On owning a car again...

When I turned 18 something magical happened. My parents woke me up, told me to walk to a window overlooking the driveway and check to see what was waiting. I peeked out to see a champagne colored Chevy Blazer with a big white bow on the hood waiting for me down below. Amazing. It was like living in the best car commercial I'd ever seen. I loved that car. Loved it. Driving was one of my favorite activities, the commute between the University of Georgia and my parents' house was a highlight. I'd turn up the music, cruise down 316 and daydream about the movies I'd star in one day. It was a barely driven hand me down from my grandfather and it treated me right for years.

When I graduated college and moved to New York though, my beautiful Blazer became neglected, sitting in my parents' driveway, probably missing me like The Giving Tree missed its Boy. But I was in the big city, nobody has a car, you don't NEED a car and I (in the coolest of pretentious ways) revelled in not having one...well, after a little while. My first year in New York was spent convincing myself that I didn't miss my vehicle. I'd spout out phrases I'd heard seasoned New Yorkers say: "Public transportation is liberating", "Parking and gas are outrageous expenses", "My carbon footprint is hardly noticeable" and after many months, I started to believe myself. Finally I stopped fantasizing about the privacy of my car and realized the beauty of jamming my headphones in, picking up a great book, and riding down to work on the subway. (I really did get SO much reading done while commuting). Living in New York provides a built in workout, you walk everywhere and I learned to replace my beloved drives with my cherished walks with my iPod. So, when I moved to L.A. (a notorious driving city) in November, I was in a bit of a pickle. My parents had long ago sold my beloved Blazer and I certainly didn't have extra funds to buy a car. The kindness of friends took on it's true meaning when my friend Chris lent me Gladys, a lovely, old lady from 1994. A true Griswold classic with wood panelling and all, I drove her with pride for two months until some idiot bimbo turned her disgusting yellow Xterra into Gladys' face and sent her to heaven...sorry Chris...thank God for insurance.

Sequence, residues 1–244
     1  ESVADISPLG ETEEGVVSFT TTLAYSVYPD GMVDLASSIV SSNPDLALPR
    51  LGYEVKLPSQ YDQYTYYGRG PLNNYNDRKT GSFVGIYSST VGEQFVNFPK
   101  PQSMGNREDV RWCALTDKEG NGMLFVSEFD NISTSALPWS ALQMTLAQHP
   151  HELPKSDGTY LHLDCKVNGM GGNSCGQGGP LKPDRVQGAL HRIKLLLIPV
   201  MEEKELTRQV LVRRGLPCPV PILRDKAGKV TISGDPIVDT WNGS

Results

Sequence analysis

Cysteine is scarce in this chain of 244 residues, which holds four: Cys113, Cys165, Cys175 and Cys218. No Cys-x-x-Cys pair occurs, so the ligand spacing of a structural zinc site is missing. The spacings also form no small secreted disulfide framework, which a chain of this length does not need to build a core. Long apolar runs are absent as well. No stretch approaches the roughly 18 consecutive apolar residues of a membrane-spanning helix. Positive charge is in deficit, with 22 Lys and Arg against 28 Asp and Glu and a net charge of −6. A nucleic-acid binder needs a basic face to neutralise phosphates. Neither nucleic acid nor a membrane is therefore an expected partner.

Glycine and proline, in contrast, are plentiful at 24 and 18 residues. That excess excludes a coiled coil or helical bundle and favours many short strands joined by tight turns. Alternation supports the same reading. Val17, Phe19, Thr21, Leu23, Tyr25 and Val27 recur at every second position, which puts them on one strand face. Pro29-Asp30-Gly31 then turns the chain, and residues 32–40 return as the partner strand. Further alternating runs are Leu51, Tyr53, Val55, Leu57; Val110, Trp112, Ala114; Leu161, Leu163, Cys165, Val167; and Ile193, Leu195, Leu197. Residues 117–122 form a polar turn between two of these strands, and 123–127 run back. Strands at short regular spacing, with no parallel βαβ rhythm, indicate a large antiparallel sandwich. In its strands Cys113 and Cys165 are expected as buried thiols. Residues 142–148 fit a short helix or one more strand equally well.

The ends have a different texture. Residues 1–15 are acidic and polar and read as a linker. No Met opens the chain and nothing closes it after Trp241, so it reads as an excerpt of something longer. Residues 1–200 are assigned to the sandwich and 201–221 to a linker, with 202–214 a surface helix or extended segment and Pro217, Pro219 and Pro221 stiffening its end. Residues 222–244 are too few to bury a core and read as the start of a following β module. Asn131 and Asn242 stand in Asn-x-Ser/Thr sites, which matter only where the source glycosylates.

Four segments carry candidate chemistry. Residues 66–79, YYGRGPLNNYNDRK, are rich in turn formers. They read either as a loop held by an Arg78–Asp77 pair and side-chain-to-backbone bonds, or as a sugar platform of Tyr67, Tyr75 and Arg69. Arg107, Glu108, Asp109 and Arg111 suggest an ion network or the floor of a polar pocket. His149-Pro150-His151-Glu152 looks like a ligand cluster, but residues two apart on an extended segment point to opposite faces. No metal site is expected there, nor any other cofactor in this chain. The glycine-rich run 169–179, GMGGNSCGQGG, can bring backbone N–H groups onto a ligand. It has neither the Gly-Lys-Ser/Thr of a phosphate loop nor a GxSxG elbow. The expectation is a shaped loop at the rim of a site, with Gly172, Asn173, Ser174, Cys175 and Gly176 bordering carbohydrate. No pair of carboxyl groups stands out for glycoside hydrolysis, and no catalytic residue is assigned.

In the aftermath of Gladys, I've found myself in the same situation. Is it possible to be an Angeleno without a car? Yes, actually. If you live in Hollywood at least. I've walked EVERYWHERE and it's really wonderful, BUT L.A. is huge and I realized that soon I'd have to start repeating to myself a familiar phrase from my past, "Public transportation is liberating." Unfortunately though, Los Angeles does not have a Metro NEARLY as complex as New York's, it closes at midnight. I'd have to learn the buses.

But then...
My amazing friend Bridget informed me that she had a car she wanted to get rid of and, in an act of extreme generosity, essentially GAVE me her 1990 Lexus...Yes, this is a true story. As I type this, I'm sitting at a Starbucks waiting to get a Smog Test and new plates for it (pray the LAPD doesn't see it's expired tags before I make it to the DMV...) It's truly amazing, bordering on unbelievable; I guess I'm lucky with cars and so appreciative for it.

The last few days spent with the Lexus have reminded me of what I loved so much about my Blazer. It's such a freedom to get in your car and just DRIVE...I mean, not too far, gas is way too expensive for joy rides, but even sitting in traffic doesn't bother me like I'd expected it to. Don't get me wrong though, I don't think I'll ever find a replacement for walking blocks and blocks in New York, music on, zoned out and enjoying the city, but man, it's really nice to have a place besides my shoulder to put my purse...(my passenger's seat (that allusion was a little vague I think)).


justagirlLaura said…
Dude. Your friends just GIVE YOU CARS?! What the what? I need to work on my friending a bit.

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